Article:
Complementary products — nonalcoholic items like mixers, glassware and cannabis drinks — do not comprise a large portion of a beverage alcohol store’s SKUs. Yet they remain a reliable source of revenue.
Category trends this year naturally reflect current consumer tastes. These were affected greatly by the Covid-19 pandemic. So what should you expect in 2021? Look for more cocktail-making at home, as people became comfortable with mixology during last year’s lockdowns.
“It has given a huge boost to the category across the board,” says Alex Abbot Boyd, founder of the premium mixer brand Cocktail Crate. “The mixer category as a whole has grown about 30% over the last year.”
The at-home mixology movement continues strong into 2021. Consumers now expect bar-quality cocktails in the comfort of their own homes.
“When Cocktail Crate launched back in 2013, using premium, all-natural ingredients was a real differentiator for us,” says Boyd. “Now, after eight years of growth for natural mixers and decline for conventional mixers, I believe premium ingredients are just table stakes. Now it’s about how well and how creatively you use those premium ingredients to help people make great cocktails at home.”
“I think the keys to standing out in this environment are taste and convenience,” he adds. “Can a mixer quickly make a delicious not-too-sweet cocktail? That’s what consumers want right now.”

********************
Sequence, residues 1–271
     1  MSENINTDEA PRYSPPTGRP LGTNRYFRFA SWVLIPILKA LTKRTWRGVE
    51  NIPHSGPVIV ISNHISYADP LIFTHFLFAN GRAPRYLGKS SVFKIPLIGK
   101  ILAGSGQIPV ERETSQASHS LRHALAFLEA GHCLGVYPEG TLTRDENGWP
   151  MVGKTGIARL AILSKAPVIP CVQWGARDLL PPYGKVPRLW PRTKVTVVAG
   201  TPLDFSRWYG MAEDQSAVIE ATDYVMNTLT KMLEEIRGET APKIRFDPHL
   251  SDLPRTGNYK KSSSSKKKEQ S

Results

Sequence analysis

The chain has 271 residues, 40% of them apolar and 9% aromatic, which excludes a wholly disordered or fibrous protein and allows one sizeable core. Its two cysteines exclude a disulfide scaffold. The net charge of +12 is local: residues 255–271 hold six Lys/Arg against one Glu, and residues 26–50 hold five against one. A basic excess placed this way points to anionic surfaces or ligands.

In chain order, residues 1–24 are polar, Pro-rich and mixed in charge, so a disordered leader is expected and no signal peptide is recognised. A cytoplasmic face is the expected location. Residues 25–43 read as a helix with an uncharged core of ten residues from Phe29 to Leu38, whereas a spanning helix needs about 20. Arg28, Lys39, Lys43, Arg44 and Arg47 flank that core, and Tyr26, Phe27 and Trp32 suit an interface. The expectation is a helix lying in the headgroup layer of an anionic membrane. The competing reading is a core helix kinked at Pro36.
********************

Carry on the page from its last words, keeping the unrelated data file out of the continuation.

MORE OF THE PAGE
Agreeing with him is April Wachtel, founder of Cheeky Cocktails. Her company bottles an array of premium, all-natural syrups and juices. The labels are stripped down and the liquid inside is the real deal.
“All audiences get it: our simplicity,” Wachtel explains. “Why overcomplicate it? Why not just offer whatever you would find on the back bar of your favorite cocktail bar? Your average consumer doesn’t need a huge education about what’s in ginger syrup.”
But your average consumer does need help in making mixology-quality drinks.
“It’s an empowering experience, making that level of cocktails,” Wachtel says. “We want to help people share their cocktails with friends and family in a way that doesn’t feel intimidating.”
The category sure has come a long way since the days of bottom-shelf bottles choked with artificial ingredients. For instance: Zing Zang, known for its Bloody Mary products. Their premium offerings also include Maragrita, Piña Colada and Sweet and Sour mixers.